Long-Term Technical Condition

The long-term-oriented trend of the market showed some signs of improvements last week. The WSC Global Momentum Indicator succeeded to improve by 3 percentage points and signals that 42% of all local equity markets around the world (which are covered by our Global ETF Momentum Heat Map) are trading above their long-term oriented trend-lines. Our Global Futures Long Term Trend Index keeps trading at solid bullish levels, indicating that the long-term trend for U.S. equities remains intact. Still, it has not succeeded yet to stop its bearish journey, which has been lasting for months. But the most important signal of our long term section is coming from our WSC Global Relative Strength Index. Analyzing this indicator reveals that the relative strength of risky markets improved substantially last week. This shows that the risk-appetite among investors is increasing. The long-term trend quality shows the same picture as in the previous week. While the High-/Low Index Weekly and the SMA 200 were holding up quite well and finished the week flat, the Modified McClellan Volume Oscillator Weekly succeeded to narrow its bearish gap.

Model Portfolios

Last week, there were no changes within the WSC All Weather Model Portfolio, the WSC Inflation Proof Retirement Portfolio and the WSC Dynamic Variance Portfolio. As the momentum score of consumer staples and financials rose above average and above the momentum score of the S&P 500, we received a buy signal for these ETFs within the WSC Sector Rotation Strategy. Thus, the WSC Model Portfolio Composite is also adding these ETFs at expense of the existing holdings of the WSC Sector Rotation Strategy. Moreover, we are proud to announce that the WSC Inflation Proof Retirement Portfolio and the WSC Sector Rotation Strategy reached a new all-time high last week.

Bottom Line

The situation remains unchanged compared to last week. Thus, we are still expecting to see further volatile sideways trading (consolidation) ahead. Although the trend- and the trend quality are a bit too supportive to throw in the towel immediately, the situation could change literally within days. Thus, we still remain cautiously bullish, since it is too late to buy (add exposure) and too early to sell. A fact, which can also be observed by the gauge of the Big Picture Indicator, which keeps jumping around between bearish biased consolidation and recovery market regime. In other words, the tilt between corrective and supportive consolidation remains quite narrow. According to the Presidential Cycle, it is quite common to see such a longer-lasting consolidation in the first quarter of the year. Nevertheless, given the fact that the situation could escalate within days, it would also make sense for conservative investors place a stop-loss limit (closing price) at 4,531 (just in case things change quite fairly during the week). This stop-loss should remain in place as long as we do not see any improvements within our indictor framework. Aggressive traders should stay out or at least should reduce leverage since it is hard to trade a non-trading market.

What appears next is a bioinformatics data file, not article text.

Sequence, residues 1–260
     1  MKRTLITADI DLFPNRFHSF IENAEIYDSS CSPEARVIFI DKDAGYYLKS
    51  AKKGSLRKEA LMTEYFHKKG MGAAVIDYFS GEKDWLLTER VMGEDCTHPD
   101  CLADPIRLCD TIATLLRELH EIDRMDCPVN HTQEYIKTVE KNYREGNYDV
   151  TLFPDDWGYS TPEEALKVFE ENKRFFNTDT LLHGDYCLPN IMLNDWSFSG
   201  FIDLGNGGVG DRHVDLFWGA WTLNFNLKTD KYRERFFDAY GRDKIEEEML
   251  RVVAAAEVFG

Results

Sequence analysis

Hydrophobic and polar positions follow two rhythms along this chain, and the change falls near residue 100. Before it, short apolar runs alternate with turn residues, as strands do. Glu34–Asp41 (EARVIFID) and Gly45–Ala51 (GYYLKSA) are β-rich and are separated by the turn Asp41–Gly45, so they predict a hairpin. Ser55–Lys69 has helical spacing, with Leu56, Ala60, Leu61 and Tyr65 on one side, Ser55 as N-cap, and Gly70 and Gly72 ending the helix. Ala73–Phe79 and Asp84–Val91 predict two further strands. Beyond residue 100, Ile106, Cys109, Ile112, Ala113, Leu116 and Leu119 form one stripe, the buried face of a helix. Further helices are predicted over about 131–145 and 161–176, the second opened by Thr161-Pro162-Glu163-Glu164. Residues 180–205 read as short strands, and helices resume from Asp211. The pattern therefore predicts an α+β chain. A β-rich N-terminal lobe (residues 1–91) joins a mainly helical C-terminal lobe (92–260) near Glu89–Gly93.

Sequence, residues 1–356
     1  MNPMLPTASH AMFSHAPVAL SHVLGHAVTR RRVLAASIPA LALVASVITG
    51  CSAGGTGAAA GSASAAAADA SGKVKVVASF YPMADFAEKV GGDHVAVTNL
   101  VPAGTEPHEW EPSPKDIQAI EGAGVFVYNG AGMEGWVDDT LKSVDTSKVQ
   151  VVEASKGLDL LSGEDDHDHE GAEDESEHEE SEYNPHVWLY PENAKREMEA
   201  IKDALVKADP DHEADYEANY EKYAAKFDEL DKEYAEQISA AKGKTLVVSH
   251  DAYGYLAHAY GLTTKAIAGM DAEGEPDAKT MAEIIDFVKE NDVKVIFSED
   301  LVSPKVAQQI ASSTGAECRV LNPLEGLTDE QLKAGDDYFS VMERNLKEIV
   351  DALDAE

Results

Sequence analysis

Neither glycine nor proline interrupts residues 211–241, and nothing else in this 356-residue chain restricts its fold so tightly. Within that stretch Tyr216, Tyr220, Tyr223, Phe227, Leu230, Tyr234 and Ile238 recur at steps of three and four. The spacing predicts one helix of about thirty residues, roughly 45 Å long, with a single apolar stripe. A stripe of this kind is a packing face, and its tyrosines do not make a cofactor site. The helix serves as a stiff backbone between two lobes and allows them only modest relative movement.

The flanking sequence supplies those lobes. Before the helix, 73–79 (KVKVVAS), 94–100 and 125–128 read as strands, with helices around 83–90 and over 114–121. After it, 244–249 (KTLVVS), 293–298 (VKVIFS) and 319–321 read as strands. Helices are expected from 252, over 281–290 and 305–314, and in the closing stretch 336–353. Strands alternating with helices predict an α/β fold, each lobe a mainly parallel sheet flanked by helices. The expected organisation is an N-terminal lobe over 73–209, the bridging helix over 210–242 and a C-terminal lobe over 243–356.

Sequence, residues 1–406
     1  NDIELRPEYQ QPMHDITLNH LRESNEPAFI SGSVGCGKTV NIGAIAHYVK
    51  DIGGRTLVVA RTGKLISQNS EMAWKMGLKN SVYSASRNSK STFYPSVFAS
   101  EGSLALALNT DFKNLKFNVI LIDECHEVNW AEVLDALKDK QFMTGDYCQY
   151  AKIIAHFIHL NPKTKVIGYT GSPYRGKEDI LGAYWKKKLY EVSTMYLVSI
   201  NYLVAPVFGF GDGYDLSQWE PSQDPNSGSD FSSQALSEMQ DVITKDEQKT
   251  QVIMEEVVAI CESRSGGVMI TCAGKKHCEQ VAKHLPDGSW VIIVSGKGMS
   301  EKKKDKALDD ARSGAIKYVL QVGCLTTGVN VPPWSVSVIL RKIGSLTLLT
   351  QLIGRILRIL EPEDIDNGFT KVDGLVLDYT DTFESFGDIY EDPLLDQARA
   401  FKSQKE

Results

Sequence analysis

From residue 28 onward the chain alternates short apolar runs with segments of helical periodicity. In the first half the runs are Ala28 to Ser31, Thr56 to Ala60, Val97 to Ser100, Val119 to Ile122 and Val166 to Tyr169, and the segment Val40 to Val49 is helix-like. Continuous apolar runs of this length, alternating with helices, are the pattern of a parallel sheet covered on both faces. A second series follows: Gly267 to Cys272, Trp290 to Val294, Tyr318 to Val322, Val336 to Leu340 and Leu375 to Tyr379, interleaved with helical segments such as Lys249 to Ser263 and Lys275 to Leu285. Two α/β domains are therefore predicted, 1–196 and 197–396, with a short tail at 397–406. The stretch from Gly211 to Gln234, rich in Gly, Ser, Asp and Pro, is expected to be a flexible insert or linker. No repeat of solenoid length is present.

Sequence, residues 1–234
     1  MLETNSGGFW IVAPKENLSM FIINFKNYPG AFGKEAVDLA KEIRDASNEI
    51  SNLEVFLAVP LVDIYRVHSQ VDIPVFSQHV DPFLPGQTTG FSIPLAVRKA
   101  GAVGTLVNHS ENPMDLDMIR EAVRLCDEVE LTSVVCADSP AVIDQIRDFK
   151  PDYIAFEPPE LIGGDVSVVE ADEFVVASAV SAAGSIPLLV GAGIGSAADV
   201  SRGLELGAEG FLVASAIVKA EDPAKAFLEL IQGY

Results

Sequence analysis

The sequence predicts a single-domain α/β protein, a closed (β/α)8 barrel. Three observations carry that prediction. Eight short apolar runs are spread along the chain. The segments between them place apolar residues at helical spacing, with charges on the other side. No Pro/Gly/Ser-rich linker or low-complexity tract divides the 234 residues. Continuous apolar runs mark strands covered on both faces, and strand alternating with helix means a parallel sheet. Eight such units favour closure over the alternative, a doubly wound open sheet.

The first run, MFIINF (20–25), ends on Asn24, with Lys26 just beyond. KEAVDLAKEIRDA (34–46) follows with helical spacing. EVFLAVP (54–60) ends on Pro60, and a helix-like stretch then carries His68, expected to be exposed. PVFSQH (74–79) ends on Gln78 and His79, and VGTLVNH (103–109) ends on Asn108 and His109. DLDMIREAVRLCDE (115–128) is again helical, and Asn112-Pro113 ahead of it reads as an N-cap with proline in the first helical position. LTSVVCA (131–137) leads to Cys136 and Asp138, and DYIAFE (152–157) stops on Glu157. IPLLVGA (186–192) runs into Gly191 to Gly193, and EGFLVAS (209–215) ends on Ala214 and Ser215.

Stay tuned!